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Definition of Implicit Cost:
An implicit cost
is the value of benefits given up that do not require an outlay of money. For example, if a business uses a resource to produce a product it forgoes the opportunity to use the resource elsewhere. The implicit cost is the income it sacrifices by using it in the product rather than selling the resource in the market.
A company’s costs can be separated into two components – explicit costs, which require cash expenditures, and implicit costs, which do not require cash expenditures. Implicit costs measure the value sacrificed by choosing to use a company's scarce resource in a particular way. Once used, the opportunity to earn money by using it again is lost.
Accounting profits include only explicit costs, which are easily identified business expenses requiring money to be spent. Examples of explicit costs include, but are not limited to, rent, plant and equipment, wages, raw materials, utilities, and insurance. In general, the difference between total revenues (sales) and total explicit costs equals the accounting profit.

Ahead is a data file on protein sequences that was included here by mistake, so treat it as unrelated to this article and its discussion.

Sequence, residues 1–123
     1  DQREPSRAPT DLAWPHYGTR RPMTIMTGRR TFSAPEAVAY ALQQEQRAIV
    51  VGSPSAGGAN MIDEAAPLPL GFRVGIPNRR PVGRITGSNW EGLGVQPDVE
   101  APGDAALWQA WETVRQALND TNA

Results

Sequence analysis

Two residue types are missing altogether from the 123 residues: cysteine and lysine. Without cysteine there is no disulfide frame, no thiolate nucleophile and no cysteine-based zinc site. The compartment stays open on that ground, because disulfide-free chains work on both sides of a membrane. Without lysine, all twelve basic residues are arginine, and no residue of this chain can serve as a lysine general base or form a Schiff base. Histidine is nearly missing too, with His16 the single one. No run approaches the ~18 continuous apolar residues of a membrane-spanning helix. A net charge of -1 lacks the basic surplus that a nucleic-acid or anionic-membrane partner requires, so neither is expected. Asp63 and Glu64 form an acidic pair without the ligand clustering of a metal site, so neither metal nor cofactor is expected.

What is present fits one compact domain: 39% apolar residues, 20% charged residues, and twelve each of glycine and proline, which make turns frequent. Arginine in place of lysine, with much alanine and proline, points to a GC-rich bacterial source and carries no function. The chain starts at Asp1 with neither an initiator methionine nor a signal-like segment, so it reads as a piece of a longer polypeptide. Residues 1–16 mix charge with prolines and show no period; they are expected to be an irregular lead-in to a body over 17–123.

Economists are more interested in economic profit because it includes implicit costs. Economists measure economic profit as revenues less the sum of explicit and implicit costs. Economists believe businesses and individuals need to include both the explicit and implicit costs to reach the optimal decision because some value needs to be placed on the benefits given up. The use of a resource prevents a business from using the resource in another venture, so there is a lost opportunity, which is a cost. Unlike explicit costs, implicit costs can be very hard to measure. It is common for small business owners “to do it all” rather than hiring an employee or a subcontractor. This takes time away from spending time on more productive tasks, such as marketing. The lost business is a cost that is very difficult to measure. The savings from the small business owner doing all the work may be less than the lost revenue resulting from spending less time selling. Other costs are easy to measure. For example, assume Bill owns an office and starts a new business. Instead of renting his office in the open market for $20,000 a year, he chooses to let his company use the space. There is an implicit cost of $20,000 that would not be included in the accounting profit.
Many confuse opportunity cost and implicit cost. The subtle difference is an opportunity cost includes the explicit and implicit costs of the best-foregone decision. For example assume that today George’s two best choices are: take today off to play golf or go to work. The opportunity cost is the sum of the explicit cost to play a round of golf, plus the implicit cost of the lost income from taking the time off work.
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